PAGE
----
I’m not going to lie until very recently I was pretty dismissive of Buzzfeed and its peers. I saw it is as dumbing down online news and playing in to the hands of all those critics who say the web trivialises issues. Also as someone who has zero empathy for animals the kitten stuff didn’t really appeal*!
I have been taking a closer look lately though and the article in January’s Wired made for interesting reading.
The strong focus on taking a data driven approach to what they publish and the entire focus on social ‘sharability’ ahead of SEO driven traffic is a different approach than I am used to reading about. There is clearly a great deal more depth to the thinking behind what regularly seems like very superficial content. I like the idea that it is about more than just getting traffic – it is also about getting the right traffic. This quote in the Wired piece is important I think;
“..if you’re doing something that will get only 50,000 views, that’s fine – as long as [they] get all the 50,000 who should see it.”
Though to be clear I’d keel over if any single piece on our website got 50,000 views 🙂
I’ve written before about Ampp3d and mentioned UsVsTh3m I think. These are experiments in the same space I think. Though both are much more niche than Buzzfeed they operate with the same focus on social media as the dissemination channel and seeking that elusive ‘viral’ piece. UsVsTh3m uses humour overtly to make some quite strong political points and has had some major successes on the ‘viral’ front.
Ampp3d is something of particular interest to me with its focus on data and statistics it has a particular connection to much of my work. It clearly operates with a strong political agenda – as a project from the Mirror this is hardly surprising – but it is starting to find its feet I think and prove the market for this kind of shareable data driven storytelling.
In fact both Buzzfeed and Ampp3d were clearly an influence on something we did at work this week. Our ‘13 Facts about Divorces‘ article was quite a change in direction compared to our usual style but it certainly seemed to find an audience on Twitter and even start to show up on Facebook (as well as getting some mainstream media coverage.)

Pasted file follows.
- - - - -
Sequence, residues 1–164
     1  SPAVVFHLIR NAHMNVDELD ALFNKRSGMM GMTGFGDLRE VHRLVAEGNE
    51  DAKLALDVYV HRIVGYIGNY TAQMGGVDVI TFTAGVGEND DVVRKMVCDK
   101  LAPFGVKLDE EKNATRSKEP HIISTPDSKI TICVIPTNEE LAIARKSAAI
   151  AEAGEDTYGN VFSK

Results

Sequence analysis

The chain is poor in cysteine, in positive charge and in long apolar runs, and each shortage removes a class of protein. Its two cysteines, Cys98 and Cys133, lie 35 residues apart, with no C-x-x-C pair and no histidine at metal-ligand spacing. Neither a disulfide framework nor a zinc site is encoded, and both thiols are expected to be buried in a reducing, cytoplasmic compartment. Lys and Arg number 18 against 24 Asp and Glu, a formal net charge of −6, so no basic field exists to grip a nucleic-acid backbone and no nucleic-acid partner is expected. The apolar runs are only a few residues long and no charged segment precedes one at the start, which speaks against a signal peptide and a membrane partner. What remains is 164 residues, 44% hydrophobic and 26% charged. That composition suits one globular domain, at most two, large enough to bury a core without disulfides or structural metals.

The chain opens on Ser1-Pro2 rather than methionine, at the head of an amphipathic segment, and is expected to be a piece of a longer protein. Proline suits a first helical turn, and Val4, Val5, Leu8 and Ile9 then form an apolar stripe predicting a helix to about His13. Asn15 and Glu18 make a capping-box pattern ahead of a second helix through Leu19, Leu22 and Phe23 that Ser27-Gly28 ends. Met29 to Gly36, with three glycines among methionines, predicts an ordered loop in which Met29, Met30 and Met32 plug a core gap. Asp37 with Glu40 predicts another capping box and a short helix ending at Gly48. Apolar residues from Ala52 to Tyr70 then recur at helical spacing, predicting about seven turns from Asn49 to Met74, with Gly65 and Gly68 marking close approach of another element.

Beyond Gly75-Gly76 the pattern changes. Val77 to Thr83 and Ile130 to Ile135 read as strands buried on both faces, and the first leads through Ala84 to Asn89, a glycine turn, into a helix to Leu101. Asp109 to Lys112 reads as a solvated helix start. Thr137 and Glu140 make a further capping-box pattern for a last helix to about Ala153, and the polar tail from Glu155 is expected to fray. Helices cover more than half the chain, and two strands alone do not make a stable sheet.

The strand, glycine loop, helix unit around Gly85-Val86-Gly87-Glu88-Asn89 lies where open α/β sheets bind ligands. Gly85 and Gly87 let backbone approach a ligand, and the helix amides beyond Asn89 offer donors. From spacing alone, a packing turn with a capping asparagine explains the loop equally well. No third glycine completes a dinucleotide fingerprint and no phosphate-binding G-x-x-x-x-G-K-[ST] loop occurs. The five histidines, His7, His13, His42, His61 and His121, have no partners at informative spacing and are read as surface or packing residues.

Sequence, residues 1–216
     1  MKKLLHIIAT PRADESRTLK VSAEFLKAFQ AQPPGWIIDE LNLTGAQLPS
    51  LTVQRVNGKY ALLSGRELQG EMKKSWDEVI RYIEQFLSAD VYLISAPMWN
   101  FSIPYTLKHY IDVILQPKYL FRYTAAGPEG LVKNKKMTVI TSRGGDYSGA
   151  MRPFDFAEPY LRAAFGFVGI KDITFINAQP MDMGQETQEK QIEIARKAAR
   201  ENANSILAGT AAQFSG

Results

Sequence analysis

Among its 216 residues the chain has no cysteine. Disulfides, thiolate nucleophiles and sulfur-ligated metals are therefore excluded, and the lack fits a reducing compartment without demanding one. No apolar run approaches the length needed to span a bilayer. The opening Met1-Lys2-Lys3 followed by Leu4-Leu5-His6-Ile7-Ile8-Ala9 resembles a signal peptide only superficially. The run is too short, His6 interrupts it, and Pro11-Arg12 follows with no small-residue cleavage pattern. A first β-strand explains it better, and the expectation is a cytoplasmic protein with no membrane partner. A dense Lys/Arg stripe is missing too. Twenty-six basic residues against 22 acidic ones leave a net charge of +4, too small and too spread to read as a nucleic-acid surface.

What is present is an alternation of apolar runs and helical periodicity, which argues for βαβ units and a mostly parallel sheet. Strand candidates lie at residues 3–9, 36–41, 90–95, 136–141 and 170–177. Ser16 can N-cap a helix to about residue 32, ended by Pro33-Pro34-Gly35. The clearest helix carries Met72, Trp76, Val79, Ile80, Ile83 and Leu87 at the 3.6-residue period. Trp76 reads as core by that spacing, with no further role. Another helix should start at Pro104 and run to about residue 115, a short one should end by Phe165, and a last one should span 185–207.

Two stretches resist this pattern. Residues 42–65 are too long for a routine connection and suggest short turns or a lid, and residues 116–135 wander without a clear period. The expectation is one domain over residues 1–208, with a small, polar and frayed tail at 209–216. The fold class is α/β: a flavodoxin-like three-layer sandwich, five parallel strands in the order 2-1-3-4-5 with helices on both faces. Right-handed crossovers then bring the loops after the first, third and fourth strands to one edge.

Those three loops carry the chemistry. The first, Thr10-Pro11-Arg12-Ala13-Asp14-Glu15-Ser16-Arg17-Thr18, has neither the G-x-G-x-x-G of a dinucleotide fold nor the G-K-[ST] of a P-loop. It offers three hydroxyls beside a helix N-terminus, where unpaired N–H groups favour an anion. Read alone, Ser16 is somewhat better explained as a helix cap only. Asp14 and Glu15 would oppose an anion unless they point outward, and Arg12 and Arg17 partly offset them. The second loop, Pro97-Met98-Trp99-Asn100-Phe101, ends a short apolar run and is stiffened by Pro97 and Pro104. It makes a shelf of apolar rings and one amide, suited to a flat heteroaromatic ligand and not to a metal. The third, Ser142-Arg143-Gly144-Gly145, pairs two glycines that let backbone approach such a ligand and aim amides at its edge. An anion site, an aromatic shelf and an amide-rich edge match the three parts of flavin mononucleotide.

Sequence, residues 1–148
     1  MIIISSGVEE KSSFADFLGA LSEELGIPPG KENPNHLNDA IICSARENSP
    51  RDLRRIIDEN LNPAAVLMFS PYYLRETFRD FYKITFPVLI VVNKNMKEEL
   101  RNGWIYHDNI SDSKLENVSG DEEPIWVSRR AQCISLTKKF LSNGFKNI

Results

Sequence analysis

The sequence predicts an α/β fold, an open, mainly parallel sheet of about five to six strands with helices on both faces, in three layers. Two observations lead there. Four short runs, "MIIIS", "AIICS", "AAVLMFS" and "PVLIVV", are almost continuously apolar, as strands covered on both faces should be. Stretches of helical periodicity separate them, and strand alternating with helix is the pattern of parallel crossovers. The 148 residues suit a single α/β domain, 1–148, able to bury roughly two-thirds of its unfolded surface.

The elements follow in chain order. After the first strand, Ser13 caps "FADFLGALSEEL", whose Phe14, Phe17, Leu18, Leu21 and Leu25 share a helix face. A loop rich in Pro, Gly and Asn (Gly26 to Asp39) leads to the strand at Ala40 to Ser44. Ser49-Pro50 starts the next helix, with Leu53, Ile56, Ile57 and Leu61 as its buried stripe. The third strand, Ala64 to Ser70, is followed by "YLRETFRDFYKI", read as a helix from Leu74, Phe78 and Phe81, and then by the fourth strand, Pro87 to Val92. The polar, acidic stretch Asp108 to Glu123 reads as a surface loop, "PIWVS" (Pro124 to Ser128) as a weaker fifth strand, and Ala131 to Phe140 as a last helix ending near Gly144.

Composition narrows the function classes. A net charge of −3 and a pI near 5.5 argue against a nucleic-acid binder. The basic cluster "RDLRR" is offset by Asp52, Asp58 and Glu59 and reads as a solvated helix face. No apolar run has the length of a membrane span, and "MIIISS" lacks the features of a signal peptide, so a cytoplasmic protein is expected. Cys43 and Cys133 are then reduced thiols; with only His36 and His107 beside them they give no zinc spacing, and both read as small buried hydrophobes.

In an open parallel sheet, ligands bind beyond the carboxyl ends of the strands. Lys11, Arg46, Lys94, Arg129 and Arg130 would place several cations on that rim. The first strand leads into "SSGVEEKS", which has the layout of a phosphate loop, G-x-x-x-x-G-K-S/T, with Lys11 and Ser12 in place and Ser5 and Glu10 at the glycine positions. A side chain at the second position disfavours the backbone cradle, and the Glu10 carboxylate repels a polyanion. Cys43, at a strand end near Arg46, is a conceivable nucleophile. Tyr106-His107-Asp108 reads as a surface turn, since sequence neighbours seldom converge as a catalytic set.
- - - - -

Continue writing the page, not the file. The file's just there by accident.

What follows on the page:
Despite the format the team were extremely careful to ensure that the statistics themselves were completely valid and it was checked and re-checked. There is a careful balance we need to strike in finding a format that appeals to a wider audience but that does that ‘dumb down’ or, worse, misrepresent the data.
The team even took inspiration from my recent foray in to the corporate social media world and had a little bit of fun.
I’m keen to investigate this space a bit more. I’m wondering if there is a role for us to offer a kind of ‘neutral point of view’ Ampp3d? We’ll continue to look for opportunities to tell stories in formats that lend themselves to a social media audience and I’m also looking at experimenting with an online ‘lab’ type site that is built with a mobile first audience in mind and has closer links to social media platforms.
I’m still not sold on the entire Buzzfeed model but there is clearly more to it than I first though and lessons to be learned from the work they are doing.
Also it has to be said I thought Jonah Peretti, the founder of Buzzfeed and the main focus of the Wired article, came across pretty well. Certainly less annoying than many of the more technology focused founders I’ve read about in the same magazine in the past!
* apparently this lack of empathy with animals suggests I am “an android or a serial killer.”